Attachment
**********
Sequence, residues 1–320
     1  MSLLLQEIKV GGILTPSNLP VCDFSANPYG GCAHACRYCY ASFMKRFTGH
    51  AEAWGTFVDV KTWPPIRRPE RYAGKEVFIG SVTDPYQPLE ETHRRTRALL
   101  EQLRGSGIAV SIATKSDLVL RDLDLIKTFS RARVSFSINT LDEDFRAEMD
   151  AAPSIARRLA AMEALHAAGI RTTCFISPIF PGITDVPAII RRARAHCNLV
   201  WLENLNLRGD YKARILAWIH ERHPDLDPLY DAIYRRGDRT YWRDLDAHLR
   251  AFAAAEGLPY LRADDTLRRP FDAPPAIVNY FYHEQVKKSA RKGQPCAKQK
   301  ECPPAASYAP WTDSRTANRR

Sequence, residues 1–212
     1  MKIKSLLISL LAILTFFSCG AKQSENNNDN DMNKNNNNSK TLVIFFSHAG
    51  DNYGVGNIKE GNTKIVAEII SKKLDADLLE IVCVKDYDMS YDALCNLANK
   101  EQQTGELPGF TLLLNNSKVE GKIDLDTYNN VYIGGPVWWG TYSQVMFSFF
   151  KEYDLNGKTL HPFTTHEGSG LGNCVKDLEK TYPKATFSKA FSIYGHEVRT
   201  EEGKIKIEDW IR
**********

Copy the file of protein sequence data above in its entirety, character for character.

Sequence, residues 1–320
     1  MSLLLQEIKV GGILTPSNLP VCDFSANPYG GCAHACRYCY ASFMKRFTGH
    51  AEAWGTFVDV KTWPPIRRPE RYAGKEVFIG SVTDPYQPLE ETHRRTRALL
   101  EQLRGSGIAV SIATKSDLVL RDLDLIKTFS RARVSFSINT LDEDFRAEMD
   151  AAPSIARRLA AMEALHAAGI RTTCFISPIF PGITDVPAII RRARAHCNLV
   201  WLENLNLRGD YKARILAWIH ERHPDLDPLY DAIYRRGDRT YWRDLDAHLR
   251  AFAAAEGLPY LRADDTLRRP FDAPPAIVNY FYHEQVKKSA RKGQPCAKQK
   301  ECPPAASYAP WTDSRTANRR

Sequence, residues 1–212
     1  MKIKSLLISL LAILTFFSCG AKQSENNNDN DMNKNNNNSK TLVIFFSHAG
    51  DNYGVGNIKE GNTKIVAEII SKKLDADLLE IVCVKDYDMS YDALCNLANK
   101  EQQTGELPGF TLLLNNSKVE GKIDLDTYNN VYIGGPVWWG TYSQVMFSFF
   151  KEYDLNGKTL HPFTTHEGSG LGNCVKDLEK TYPKATFSKA FSIYGHEVRT
   201  EEGKIKIEDW IR